That was our cue that it was time to take lunch. There just happened to be a café directly above so we were taken there and told just to take the elevator back down in about 25 minutes. It is a coffee, salad, soup and sandwich café. Ashton had the bacon grilled cheese, with tomato, it looked so yummy! Ashton was so grown up sitting at table waiting for our food to be ready. He says “I’m all done with my liver scan, then after lunch I do my thigh scan.” I knew he could be still for a MRI as the last time he had one about 18 months ago for his brain follow-up he did it without sedation. Though I was quite impressed today that he made it through two MRIs just listening to music and not having a movie to watch.
Next off to his echocardiogram. I was a bit anxious for this one. Ashton just had his yearly Echo at Madison where I was told that all the measurements could not be obtained to calculate his Left Ventricular Ejection Fraction (LVEF) but instead have an estimate of 50-60%. Um, normal range is 55-70% so the fact that his could be 50% makes me very uneasy. That was his 5th Echo and his LVEF had been in the low 60s since his first Echo almost 5 years ago so this is a drop and I would like to know exactly what it is. Today was the quickest Echo Ashton has had and the cardiac sonographer got his LVEF. Yay! I did not doubt that they would considering a left ventricular ejection fraction <55% is an exclusion criteria for the trial. So if Ashton is in the trial then I will know that his is at least in normal range.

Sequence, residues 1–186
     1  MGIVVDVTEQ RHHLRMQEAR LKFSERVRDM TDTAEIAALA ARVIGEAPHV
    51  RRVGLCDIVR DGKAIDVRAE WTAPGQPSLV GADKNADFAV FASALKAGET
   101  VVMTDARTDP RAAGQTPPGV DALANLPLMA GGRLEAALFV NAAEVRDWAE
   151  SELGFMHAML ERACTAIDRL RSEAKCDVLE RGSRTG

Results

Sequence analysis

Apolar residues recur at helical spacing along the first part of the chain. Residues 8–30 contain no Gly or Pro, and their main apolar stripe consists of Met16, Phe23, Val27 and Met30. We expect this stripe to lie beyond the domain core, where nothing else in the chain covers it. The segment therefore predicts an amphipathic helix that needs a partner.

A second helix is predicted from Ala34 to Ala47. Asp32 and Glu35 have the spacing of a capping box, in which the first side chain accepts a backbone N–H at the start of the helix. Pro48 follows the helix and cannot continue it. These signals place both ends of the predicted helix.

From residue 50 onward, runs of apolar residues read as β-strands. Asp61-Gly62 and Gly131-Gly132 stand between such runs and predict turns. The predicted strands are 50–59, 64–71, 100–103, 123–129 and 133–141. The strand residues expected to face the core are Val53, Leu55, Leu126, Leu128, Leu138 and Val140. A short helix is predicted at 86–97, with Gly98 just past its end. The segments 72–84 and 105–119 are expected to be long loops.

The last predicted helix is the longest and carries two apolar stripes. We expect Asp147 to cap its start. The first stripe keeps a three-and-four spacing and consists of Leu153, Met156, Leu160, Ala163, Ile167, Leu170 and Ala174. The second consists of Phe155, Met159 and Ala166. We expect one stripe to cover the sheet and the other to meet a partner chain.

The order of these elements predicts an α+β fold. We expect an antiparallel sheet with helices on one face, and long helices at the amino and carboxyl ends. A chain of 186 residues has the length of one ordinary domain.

And finally off for his last test of the day which is also the easiest and the fastest. Just one X-ray of his hand and wrist. And he scores some loot, he gets to pick two stickers. As we were departing the X-ray department there was an employee in the hallway who said hello and mentioned that she has a son with Duchenne. This was so very cool and of course I stop to chat. This was my very first chance meeting of a Duchenne mom. Ashton and her son Caedan are very close in age too. So happy to meet Tara, that she recognized what Duchenne looked like and that she said something. Hoping that Ashton gets into the trial and if so we can get the boys together to meet.
We make it back to our hotel and Ashton is anxious to hit the pool but I need some down time. We do not have cable at home so it was a treat for him to watch a new show and it was a treat for me to sit quietly to decompress and sort through my paperwork for about 45 minutes. We decided what we were going to order for supper and then we were off to the pool for about an hour.
Interesting, to be expected but sad how Ashton has come to the point of tiring from swimming and tells me he is done instead of me telling Ashton swim time is over. When we got back to our room I ordered supper right away and then helped Ashton take his shower and get dressed. We ate then I gave him his medicine, brushed his teeth, put his night splints on and tucked him in bed. I got things organized for Tuesday’s appointment and start packing up for checking out. It’s been a long day and we are both so tired.